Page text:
Fluid on the knee, also called water on the knee, is a term used for the profuse swelling that can occur to the knee joint when it has been injured. In the case of trauma, it is a straightforward diagnosis, and no medical searching for a cause must be done. Whether in an accident, a sports-related activity, or other trauma, the knee has sustained an injury and reacts with copious amounts of swelling in the joint.
What It Is
Water on the knee is inflammation. It is the body's reaction to injury. When the injury is sustained, the body reacts with a super flood of platelets, blood, plasma and "cushioning" water to the affected area. In the case of the knee, where the joint is really only held together by a complex network of muscle, tendons and ligaments, the swelling can become quite extreme in a very short time.
Just as no two patients are the same, no two swellings are identical, and there are many different levels of water on the knee. In most cases, swelling makes the joint look puffy and feel swollen and stiff. There will be discomfort, but it can usually be alleviated with rest, compression, ice and elevation. If the injury is severe, as in the case of a torn ACL (anterior cruciate ligament) or a dislocated kneecap, the knee will react in shock and flood the joint with enough fluid that it can quickly become the size of a soccer ball. The more it swells, the stiffer it will become. If your knee becomes this swollen, you need to seek immediate medical attention.
The effects of water on the knee depend on the amount of fluid that has built up. If the swelling is minor, there will be some puffiness and tenderness in the swollen area. The knee may feel clumsy and thick. In the cases of more aggressive swelling, the knee is likely to feel numb and stiff, almost as if the joint had been given a shot of novocaine. Pain will be present, but it will mostly occur with movement and weight bearing. When still, the knee will feel "dead".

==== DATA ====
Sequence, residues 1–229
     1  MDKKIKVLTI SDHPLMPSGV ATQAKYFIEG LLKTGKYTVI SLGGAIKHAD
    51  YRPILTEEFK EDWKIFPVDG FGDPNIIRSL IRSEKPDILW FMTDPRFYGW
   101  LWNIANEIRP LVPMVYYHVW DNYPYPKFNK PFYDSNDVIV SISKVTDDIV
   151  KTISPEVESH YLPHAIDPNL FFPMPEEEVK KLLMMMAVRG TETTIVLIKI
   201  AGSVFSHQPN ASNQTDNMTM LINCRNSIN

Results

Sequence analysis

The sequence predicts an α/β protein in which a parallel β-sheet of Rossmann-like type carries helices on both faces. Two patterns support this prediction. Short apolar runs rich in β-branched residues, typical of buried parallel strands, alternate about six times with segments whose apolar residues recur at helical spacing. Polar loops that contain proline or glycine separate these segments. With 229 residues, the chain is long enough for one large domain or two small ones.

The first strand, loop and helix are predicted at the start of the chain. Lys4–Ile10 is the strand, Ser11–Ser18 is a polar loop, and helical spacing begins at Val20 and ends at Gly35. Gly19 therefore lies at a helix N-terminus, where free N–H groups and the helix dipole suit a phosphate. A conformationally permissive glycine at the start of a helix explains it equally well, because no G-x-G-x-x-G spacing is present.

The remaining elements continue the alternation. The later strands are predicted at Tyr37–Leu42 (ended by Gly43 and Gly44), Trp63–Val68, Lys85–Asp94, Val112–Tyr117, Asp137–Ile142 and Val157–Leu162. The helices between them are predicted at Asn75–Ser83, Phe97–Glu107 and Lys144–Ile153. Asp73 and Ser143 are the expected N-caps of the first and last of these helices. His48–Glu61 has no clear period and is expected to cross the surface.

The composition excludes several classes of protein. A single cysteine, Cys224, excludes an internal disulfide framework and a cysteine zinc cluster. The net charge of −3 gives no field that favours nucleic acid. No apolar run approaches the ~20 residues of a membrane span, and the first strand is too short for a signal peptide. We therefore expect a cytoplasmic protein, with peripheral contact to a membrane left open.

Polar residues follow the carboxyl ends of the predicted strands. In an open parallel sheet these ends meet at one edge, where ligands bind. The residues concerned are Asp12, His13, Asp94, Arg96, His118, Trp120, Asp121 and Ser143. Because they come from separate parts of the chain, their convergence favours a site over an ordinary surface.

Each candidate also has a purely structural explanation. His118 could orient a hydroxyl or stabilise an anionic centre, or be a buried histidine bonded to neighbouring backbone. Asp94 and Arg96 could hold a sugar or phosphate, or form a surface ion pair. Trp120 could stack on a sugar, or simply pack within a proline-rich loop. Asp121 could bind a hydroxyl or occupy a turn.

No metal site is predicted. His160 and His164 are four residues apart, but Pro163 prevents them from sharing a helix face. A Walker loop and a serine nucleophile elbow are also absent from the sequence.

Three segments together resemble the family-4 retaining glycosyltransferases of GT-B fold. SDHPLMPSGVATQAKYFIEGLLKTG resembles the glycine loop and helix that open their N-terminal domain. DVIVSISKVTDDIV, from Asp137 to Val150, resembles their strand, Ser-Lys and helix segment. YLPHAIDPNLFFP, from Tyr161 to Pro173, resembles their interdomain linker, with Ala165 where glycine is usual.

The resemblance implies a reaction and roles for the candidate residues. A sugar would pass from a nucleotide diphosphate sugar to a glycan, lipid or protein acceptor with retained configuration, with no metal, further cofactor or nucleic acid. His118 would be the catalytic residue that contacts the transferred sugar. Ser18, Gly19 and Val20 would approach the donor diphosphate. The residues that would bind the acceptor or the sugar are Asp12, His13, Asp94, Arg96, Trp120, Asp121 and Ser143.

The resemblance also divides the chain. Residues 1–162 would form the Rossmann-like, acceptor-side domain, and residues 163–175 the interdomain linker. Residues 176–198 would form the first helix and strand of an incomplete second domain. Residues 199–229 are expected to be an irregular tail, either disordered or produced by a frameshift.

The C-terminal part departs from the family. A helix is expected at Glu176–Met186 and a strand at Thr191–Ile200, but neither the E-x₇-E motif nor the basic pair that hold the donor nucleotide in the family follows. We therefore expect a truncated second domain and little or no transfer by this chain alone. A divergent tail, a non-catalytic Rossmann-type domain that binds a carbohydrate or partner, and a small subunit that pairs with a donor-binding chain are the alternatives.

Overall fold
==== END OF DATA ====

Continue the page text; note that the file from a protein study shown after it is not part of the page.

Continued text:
Treating water on the knee will vary by case. Most mild cases resolve themselves within a few days. More severe cases will need medical attention immediately to determine the damage. If you have mild to moderate swelling of the knee, stay off of it and elevate it above hip level. Apply an ice pack for at least 20 minutes and reapply every 30 minutes. Keep a compression bandage on it to encourage the fluids to be dispersed, and rest the knee. Do this for at least 24 hours and then reassess. For severe swelling, get to a medical professional as soon as possible, and do not put weight on the joint.
Severe swelling of the knee joint is a bad sign. There is something wrong. It may be a reaction to the trauma, but if it does not get significantly better within 24 hours after apply the above treatment, it is time to see a doctor. It may or may not reduce, but if it is a sign of impending infection or of a more serious injury--it will not go away but linger. In this cases, it is imperative to see a medical professional right away. Don't ignore it.